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We decided to escape Mari Gras and visit Breckinridge, Colorado, and I’m not sure if cowboy boots are waterproof and suitable for wearing in the snow. So I decided to research before I pack them for our trip.
Leather cowboy boots are not waterproof, but they are water-resistant, and they aren’t good to wear in the snow either. Snow and excessive moisture cause untreated leather boots to dry and crack. If you intend to wear cowboy boots in water or snow, treat them with a product to protect the leather.
Many people choose boots based on their looks, but you need to read this article first if you plan to wear your boots in the snow or water.
Leather Boots are not truly “waterproof.”
Although some boot manufactures claim their leather boots are waterproof, they’re not, they’re technically water-resistant. Before we delve too deep into the differences here is our list of best water-resistant leather boots:
|Ariat Hybrid Rancher Waterproof Western Boot||100% Leather; Shaft measures approximately 11.5" from arch; Heel measures approximately 1.5"||Click Here|
|Dan Post Men's 69681 Waterproof Boot||100% Leather; Shaft measures approximately 13.5" from arch; Boot opening measures approximately 15.75" around||Click Here|
|Irish Setter Work Men's 83912 Marshall 11" Pull-On Steel Toe Waterproof Work Boot||100% Leather; Shaft measures approximately 12" from arch; Heel measures approximately 1.5"||Click Here|
|Wolverine Men's Floorhand Waterproof 10" Soft Toe Work Boot||100% Leather; Shaft measures approximately 10.75" from arch; Heel measures approximately 1.75"||Click Here|
Leather is made from the hides of animals and is naturally porous, meaning liquids can penetrate the material. In order to transform skins into leather for boots and other products, hides go through a series of treatments.
The moisture resistance capability of leather boots is dependent on leather quality, retanning, and the finishing techniques used to process the leather. Water-resistant leather is designed to repel water while allowing a minimal amount of absorption.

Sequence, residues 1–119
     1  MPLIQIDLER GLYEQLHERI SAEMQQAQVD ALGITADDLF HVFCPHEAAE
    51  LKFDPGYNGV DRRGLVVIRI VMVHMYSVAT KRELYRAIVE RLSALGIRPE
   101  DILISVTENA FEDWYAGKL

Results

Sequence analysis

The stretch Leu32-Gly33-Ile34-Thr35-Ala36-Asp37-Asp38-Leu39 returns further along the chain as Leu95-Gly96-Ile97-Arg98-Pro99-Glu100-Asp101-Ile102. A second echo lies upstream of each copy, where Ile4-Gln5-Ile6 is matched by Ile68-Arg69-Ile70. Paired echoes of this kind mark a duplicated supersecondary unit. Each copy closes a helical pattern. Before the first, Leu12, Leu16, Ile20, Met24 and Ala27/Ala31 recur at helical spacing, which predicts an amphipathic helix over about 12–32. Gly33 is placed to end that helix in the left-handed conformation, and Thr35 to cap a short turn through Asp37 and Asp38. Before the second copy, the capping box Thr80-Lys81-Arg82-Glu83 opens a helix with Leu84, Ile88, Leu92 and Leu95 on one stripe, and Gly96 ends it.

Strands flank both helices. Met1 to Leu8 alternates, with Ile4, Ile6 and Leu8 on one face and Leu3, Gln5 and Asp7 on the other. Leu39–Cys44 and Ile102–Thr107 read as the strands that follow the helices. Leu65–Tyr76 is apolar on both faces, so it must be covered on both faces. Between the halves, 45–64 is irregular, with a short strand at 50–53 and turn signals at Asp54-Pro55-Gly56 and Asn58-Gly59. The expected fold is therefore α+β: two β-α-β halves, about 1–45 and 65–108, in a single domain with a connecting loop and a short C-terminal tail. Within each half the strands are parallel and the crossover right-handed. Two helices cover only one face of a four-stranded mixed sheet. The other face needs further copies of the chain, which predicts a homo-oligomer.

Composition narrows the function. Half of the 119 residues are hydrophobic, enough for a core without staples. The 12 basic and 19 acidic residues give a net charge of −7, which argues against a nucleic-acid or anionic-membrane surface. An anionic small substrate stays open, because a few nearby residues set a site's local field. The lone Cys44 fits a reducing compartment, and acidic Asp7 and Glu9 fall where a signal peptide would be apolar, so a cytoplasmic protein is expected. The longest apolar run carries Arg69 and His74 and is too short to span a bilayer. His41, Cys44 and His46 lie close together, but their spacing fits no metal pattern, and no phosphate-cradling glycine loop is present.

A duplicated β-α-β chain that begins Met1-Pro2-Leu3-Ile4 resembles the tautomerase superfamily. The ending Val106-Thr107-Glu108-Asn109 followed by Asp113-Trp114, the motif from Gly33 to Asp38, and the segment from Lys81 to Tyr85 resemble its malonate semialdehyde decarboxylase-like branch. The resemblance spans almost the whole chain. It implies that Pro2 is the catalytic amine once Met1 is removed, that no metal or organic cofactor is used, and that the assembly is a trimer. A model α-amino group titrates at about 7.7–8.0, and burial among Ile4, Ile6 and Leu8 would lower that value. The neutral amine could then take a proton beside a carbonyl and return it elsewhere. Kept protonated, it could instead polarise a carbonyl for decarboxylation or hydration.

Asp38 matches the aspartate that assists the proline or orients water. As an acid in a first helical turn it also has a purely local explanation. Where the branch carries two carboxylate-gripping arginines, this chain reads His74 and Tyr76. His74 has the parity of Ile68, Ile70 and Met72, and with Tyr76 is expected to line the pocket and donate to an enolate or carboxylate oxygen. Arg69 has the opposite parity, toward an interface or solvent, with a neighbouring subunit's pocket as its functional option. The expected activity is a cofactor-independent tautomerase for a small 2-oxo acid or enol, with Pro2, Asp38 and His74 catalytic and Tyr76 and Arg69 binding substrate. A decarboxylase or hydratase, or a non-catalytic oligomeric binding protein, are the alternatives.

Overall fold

Water-resistant leather isn’t waterproof.
Water-resistant boots hold up well for brief walks in the rain but aren’t designed for wading in water. Waterproof leather boots are made of highly water-resistant material.
They can be submerged in water for short periods without causing damage to the leather. However, leather boots are never truly waterproof, like rubber boots are. The choice of degree of waterproof protection depends on the degree of moisture protection you require.
Water-resistance is an essential characteristic of leather. It protects your feet against the elements and preserves the leather. Optimal leather work boots have a balanced water-resistant finish.
Leather needs to breathe for moisture evaporation.
While prevention of water penetration is desired, moisture should be able to pass the leather as freely as possible, or at least be absorbed, to ensure proper acclimatization inside the boots.
The leather needs to breathe so perspiration and moisture can evaporate. But the leather should not soak up too much moisture because it will lose its ability to protect your feet against heat and cold.
Leather cowboy boots can tolerate snow.
I’ve worn the boots pictured above in snow, water, and mud. After a bit of cleaning, they show little wear. Expensive cowboy boots made of exotic skins shouldn’t be worn in the snow.
Some cowboy boots designed as work boots are made of heavy, water-resistant leather and can tolerate winter weather better. But are cowboy boots suitable for wearing in the snow?
Water-resistant leather cowboy boots are fine to wear for brief walks through the snow. But cowboy boots aren’t made for extended periods in the snow because they absorb too much moisture.
Leather boots will stiffen, lose their pliable texture, and sometimes even rot after they’ve gotten too wet. Further cowboy boots don’t provide adequate warmth for your feet, especially once they’re wet. And, typical cowboy boots have slick soles that don’t grip the snow.
Treating leather boots increases its moisture-resistance.
Besides the apparent reason, keeping your feet dry, there are other objectives for treating your boots to resist moisture. Treated leather resist staining, increases the lifespan of your boots, and keeps them looking and feeling good.